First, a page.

I am in the process of completing the forms to go bankrupt and am concerned about my landlord finding out and evicting me. I have lived here for the past 5 years and always paid my rent on time. It’s all the credit cards and loans that got me in trouble. If I have to move I am unsure where I would go or if I could even let another flat.
Does my landlord need to know I am going bankrupt? ”
I understand your concerns, and they are valid, but hopefully all will work out fine.
In bankruptcy, the Official Receiver does not need to contact your landlord if you can show a current tenancy agreement. This is so the Receiver can be sure you do not have an interest in the property. If you cannot show a current tenancy agreement, they may wish to contact your landlord. I say may, as they may not feel the need.
You also may wish to review any tenancy agreement you may have as some have a clause in them stating if you go bankrupt, the landlord can have you move out. Some landlords consider a bankruptcy associated with the address a blight on the property.
Also, just because your tenancy agreement may have this clause, does not necessarily mean the landlord will exercise it. They may say fine, and allow you to stay.
In many instances if you have been living there for a while, and paying your rent on time, as you state you have, things will be fine.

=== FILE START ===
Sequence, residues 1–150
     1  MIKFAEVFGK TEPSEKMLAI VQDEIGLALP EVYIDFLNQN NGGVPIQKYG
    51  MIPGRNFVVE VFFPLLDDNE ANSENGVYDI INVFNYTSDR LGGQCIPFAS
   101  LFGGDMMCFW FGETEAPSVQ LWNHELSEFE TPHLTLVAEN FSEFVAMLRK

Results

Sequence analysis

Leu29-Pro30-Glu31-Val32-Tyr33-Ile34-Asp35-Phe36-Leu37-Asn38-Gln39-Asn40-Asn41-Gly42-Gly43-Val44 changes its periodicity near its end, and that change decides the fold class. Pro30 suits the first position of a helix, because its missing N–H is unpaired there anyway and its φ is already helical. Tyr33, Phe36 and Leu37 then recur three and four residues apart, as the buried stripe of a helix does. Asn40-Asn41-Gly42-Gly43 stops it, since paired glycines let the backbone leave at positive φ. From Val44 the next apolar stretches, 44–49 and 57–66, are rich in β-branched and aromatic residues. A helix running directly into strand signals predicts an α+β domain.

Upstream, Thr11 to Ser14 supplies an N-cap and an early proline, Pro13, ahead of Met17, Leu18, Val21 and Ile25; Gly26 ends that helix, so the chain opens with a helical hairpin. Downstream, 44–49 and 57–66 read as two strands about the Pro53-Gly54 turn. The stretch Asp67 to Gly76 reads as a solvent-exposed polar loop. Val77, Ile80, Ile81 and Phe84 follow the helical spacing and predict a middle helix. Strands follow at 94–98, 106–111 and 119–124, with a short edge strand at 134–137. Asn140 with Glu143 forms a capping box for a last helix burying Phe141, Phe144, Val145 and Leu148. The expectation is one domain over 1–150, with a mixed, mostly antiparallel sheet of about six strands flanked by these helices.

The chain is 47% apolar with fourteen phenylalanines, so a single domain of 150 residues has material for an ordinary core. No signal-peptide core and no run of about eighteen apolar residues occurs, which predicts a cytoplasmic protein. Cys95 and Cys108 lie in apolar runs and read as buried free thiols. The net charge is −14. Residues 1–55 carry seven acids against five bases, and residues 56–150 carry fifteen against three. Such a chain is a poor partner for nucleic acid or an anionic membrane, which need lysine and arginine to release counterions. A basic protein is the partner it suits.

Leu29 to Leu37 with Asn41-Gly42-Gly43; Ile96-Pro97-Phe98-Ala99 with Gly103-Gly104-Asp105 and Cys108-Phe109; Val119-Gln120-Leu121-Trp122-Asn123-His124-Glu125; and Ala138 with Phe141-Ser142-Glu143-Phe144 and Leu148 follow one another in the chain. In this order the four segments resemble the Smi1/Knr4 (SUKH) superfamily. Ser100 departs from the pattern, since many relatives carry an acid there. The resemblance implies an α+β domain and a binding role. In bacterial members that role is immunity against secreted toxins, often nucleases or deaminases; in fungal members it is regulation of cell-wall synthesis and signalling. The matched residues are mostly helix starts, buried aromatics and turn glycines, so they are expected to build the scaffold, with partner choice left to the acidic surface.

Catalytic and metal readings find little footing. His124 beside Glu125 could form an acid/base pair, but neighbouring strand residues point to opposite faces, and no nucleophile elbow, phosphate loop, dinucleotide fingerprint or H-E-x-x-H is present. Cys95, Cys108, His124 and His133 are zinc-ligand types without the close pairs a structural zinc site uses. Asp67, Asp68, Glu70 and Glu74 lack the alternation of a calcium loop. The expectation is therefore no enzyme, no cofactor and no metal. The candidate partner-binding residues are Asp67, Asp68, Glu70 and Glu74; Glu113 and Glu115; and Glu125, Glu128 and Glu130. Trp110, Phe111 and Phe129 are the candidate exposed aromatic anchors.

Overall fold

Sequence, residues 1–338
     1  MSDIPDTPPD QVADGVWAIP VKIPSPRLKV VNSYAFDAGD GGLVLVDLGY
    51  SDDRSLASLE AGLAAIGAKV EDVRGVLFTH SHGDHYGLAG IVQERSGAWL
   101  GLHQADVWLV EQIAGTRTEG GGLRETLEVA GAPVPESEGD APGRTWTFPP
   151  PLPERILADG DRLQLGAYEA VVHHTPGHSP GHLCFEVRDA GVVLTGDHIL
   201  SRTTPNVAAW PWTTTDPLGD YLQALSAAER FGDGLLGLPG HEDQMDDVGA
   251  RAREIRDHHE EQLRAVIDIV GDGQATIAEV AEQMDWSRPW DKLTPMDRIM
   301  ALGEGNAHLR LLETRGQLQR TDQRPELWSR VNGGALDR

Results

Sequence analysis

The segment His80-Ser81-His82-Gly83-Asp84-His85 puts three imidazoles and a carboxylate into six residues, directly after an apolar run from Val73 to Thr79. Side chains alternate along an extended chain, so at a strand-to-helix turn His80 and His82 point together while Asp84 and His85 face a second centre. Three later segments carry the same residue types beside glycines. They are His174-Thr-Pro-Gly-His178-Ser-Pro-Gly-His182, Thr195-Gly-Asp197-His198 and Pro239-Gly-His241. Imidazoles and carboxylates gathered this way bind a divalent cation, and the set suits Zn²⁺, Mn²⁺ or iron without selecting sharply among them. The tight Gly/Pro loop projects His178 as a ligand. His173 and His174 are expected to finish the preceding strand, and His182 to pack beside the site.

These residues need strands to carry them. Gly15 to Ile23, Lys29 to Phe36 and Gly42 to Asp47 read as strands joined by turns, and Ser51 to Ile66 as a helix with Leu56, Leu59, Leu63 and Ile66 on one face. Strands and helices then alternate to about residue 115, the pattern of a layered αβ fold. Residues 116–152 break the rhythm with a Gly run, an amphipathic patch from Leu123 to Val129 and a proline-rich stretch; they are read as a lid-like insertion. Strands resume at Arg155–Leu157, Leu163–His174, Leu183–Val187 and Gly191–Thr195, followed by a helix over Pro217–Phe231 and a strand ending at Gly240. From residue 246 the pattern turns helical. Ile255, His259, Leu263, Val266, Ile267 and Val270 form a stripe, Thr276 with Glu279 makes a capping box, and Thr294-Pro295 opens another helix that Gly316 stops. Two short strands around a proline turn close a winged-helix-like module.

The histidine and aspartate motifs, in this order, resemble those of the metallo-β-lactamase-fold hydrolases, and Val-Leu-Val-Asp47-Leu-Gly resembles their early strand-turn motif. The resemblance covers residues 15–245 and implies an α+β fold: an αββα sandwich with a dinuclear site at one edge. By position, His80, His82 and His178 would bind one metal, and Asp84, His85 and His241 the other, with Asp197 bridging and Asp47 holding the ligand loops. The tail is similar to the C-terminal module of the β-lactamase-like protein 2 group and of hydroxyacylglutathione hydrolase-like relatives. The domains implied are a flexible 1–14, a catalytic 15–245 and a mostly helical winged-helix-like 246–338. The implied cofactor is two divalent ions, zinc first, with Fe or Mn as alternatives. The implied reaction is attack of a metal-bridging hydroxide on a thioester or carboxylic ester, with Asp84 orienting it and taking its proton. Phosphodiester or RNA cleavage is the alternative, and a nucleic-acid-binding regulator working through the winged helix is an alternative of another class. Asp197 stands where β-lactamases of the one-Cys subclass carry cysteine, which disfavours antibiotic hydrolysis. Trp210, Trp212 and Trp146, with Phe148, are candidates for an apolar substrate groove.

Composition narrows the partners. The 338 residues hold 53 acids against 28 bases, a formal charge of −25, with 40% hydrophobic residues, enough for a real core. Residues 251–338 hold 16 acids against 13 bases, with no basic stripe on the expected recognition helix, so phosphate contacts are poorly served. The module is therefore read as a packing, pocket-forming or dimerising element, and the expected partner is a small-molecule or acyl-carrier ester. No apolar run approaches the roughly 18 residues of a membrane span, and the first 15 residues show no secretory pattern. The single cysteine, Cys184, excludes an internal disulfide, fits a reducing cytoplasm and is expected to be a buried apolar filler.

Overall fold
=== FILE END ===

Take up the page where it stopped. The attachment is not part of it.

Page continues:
In a worst case scenario situation, if you have to move, then having a bankruptcy on your credit, if a new perspective landlord uses credit as a basis for letting a place, can be an issue.
A few ways around this is to offer to pay a larger deposit than usual, or have someone act as a guarantor for the rent, or if possible, pay six (6) months rent upfront. I realise that can prove difficult.
Another option is to find a sympathetic landlord who understands your situation and is more concerned with the fact you pay your rent on time.
Jon Emge is an experienced UK debt advisor who has helped thousands and thousands of people in the UK to deal with problem debt. Jon specialises in finding good solutions for problem debt using a variety of UK specific techniques.
If you have a question you’d like to ask about how to get out of UK debt, just use the online form. I’m happy to help you for free.